a division of L&S Computer Technology, Inc.
We can help you make sure that your contractors deliver software that meets performance requirements.

Manage Performance of Outsourced Software Development

Managing performance for software that is outsourced can be a mine field. As the client you might assume that your contractor is using good software performance engineering practices to develop your software. Unfortunately, all too often the delivered product does not meet its SLAs. This might be because the SLAs were vague or because the contract did not explicitly include mention of SPE. In extreme cases, the contractor might have been misleading about their software performance engineering capabilities.

Avoiding Performance Failures

To avoid performance failures with your outsourced software:

  • Make sure that the performance requirements are spelled out explicitly in the contract and that there is enough information to unambiguously determine whether they have been met.
  • Make sure that your contracts require contractors (e.g., external developers, suppliers, etc.) to use SPE in developing your products to avoid unpleasant surprises when the products are delivered. The contract should specify the SPE deliverables to be produced during development. It is also important to ensure that those SPE deliverables are assessable (i.e., that you can use them to determine that SPE has indeed been used and used properly on your project). You will need someone in-house who is capable of conducting this assessment independent of the contractor.

Best Practice

The best example that we have seen of including SPE requirements in contracts was the Canadian Forces Supply System Upgrade (CFSSU) Project. In their RFP they specified deliverables, for each phase of the development process, that would ensure that SPE steps would be conducted and that contract monitors could assess the deliverables to determine how well the SPE steps were executed. As soon as the RFP hit the street, our phone started ringing — it was contractors who wanted/needed to learn more about SPE. So the RFP definitely achieved its goal of ensuring that SPE steps would be conducted. The final result was that the Canadian Forces received a system that met both functional and performance requirements. The contractors were pleased because they knew exactly what was expected, and could price extra performance risk management steps into the bid response.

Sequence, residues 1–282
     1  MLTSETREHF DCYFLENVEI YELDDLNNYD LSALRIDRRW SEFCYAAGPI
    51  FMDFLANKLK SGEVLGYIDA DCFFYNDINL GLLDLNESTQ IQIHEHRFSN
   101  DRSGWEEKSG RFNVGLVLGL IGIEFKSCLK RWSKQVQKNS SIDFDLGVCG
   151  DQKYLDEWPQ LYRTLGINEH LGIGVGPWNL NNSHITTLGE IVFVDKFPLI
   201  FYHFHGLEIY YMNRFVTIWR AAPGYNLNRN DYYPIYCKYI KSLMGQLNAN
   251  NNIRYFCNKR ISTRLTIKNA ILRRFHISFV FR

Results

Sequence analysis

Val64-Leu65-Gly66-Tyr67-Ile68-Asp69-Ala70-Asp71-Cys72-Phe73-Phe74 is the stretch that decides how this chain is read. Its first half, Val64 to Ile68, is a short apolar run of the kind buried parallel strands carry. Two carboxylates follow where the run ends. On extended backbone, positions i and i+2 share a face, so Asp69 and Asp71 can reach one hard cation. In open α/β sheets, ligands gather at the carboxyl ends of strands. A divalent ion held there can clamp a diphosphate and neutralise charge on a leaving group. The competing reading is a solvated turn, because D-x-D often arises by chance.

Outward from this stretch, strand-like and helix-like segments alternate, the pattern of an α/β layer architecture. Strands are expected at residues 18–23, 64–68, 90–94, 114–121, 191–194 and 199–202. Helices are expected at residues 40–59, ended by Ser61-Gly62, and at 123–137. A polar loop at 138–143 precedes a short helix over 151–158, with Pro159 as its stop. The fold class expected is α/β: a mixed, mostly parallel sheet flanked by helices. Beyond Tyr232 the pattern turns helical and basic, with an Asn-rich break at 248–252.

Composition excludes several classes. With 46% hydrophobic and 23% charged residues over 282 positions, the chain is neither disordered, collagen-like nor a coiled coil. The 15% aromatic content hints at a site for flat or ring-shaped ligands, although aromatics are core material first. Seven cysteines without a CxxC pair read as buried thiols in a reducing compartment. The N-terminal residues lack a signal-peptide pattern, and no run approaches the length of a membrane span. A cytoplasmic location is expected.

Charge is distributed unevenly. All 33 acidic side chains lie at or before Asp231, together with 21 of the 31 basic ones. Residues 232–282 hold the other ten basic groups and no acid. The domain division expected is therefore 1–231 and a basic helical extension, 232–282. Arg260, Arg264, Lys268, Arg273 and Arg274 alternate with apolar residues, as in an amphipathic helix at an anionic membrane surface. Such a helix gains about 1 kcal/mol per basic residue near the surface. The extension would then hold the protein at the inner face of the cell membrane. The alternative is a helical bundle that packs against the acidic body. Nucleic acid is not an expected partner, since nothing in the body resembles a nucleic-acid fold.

The best illustration that we have seen of why you need assessable SPE deliverables and the skill to evaluate them was provided by a company we'll call "Slow Systems." After repeatedly failing to meet performance requirements, Slow Systems held a symposium for clients and presented their new methodology for meeting customer performance requirements. When asked by one customer if they had used this process on any real projects, the presenter responded that they had used it on many real projects. However, as the presentation went on, it became clear to us that they had not. For example, the presenter stated that once performance models were built, it was no longer necessary to do performance testing during the development process. This is an obvious recipe for disaster, as anyone who tried that on a real project would have learned.

SPE Contract Deliverables

SPE contract deliverables fall into four broad categories:

  • Plans: These artifacts are targeted primarily at project management. They include the technical plans for how SPE is applied in each development phase, as well as policies, and procedures governing the production and maintenance of SPE artifacts.
  • Performance requirements: SPE artifacts include specifications for key performance scenarios, along with quantitative, measurable criteria for evaluating the performance of the system under development. They also include specifications for the execution environment(s) to be evaluated.
  • Performance models and results: This category includes the performance models for key scenarios and operating environments, along with the model solutions for comparison to performance requirements.
  • Performance validation, verification, and measurement reports (V&V): This category includes documentation and measurement results that demonstrate that the models are truly representative of the software performance, and that the software will meet performance requirements.

Our extensive experience in performance and software development uniquely qualifies us to help you gain control of the performance of your contract development and prevent problems as new applications are developed.

Contact us today to learn how we can help.